London lost over 90,000 homeowners in 2016 when you work out how many left compared to those who arrived from other areas in the UK, analysis of Land Registry data from housebuilder Barratt Homes has found.
A total of 291,600 homeowners moved away from the capital and 198,300 came to live in the city from the rest of the UK, a loss of 93,300.
However of those who left London around 110,000 and 73,000 went to the South East and East, indicating they only joined the commuter belt.
The area with the biggest influx was the South West of England, which welcomed 146,800 homeowners and only saw 116,700 leave, a net increase of 30,100.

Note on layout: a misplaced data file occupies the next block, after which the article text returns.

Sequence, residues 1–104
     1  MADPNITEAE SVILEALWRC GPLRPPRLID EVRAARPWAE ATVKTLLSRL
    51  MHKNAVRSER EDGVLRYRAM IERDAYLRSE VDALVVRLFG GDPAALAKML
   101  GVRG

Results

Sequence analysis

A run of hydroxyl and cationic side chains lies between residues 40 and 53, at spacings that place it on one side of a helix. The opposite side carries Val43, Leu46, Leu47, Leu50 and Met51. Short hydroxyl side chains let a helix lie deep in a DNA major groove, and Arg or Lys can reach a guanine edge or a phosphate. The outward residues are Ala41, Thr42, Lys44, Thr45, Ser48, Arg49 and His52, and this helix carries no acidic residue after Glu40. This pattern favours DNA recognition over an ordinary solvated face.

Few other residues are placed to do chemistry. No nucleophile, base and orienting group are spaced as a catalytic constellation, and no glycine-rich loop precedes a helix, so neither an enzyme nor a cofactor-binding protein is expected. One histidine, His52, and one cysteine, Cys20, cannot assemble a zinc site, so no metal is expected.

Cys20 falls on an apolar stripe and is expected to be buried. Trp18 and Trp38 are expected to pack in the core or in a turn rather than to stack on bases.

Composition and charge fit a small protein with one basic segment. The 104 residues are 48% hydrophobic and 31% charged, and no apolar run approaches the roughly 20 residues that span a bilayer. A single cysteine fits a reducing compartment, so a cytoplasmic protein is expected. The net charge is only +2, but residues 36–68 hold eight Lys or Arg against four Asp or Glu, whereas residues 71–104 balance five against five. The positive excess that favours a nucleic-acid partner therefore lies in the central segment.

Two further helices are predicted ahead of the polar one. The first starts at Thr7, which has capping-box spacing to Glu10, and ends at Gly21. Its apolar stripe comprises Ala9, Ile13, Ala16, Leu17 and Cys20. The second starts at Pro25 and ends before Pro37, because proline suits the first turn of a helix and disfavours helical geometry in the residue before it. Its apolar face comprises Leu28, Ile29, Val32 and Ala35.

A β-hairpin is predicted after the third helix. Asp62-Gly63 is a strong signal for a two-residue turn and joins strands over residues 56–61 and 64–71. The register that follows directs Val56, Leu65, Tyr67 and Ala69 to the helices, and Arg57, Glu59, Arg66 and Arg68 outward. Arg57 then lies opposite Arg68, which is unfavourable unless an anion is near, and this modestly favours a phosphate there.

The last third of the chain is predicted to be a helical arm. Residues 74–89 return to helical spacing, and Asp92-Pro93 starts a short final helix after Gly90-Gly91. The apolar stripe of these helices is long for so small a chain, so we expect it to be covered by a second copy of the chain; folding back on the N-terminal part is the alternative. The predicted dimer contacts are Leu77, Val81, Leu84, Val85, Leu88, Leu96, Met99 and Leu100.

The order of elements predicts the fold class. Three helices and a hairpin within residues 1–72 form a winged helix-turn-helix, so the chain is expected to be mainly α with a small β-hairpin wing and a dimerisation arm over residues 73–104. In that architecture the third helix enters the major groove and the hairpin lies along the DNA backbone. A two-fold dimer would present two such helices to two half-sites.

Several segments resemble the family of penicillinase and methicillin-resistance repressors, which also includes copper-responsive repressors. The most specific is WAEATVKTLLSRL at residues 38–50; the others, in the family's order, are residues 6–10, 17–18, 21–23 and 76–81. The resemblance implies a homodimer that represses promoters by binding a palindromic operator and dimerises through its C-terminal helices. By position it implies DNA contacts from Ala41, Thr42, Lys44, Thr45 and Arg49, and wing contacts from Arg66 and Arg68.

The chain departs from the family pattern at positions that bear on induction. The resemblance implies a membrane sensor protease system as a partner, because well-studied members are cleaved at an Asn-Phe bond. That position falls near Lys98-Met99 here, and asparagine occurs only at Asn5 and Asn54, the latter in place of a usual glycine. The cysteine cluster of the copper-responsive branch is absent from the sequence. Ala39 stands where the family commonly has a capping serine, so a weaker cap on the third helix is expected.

A Barratt spokesperson said: “When homeowners choose to move to a new area of the UK, even if that’s a neighboring region, they’re making a big decision about where they plan to spend the next stage of their life.
“It’s fascinating to see where the levels of relocation are fairly evenly balanced, and where there is the most growth, such as the South West region for instance.”
The South East of England saw the biggest inflow of homeowners across the UK, with 238,800 coming and 225,100 going.
The fewest number moved to the North East (43,088) and Wales (58,655), though they still saw 1,000 and 3,400 more come than go.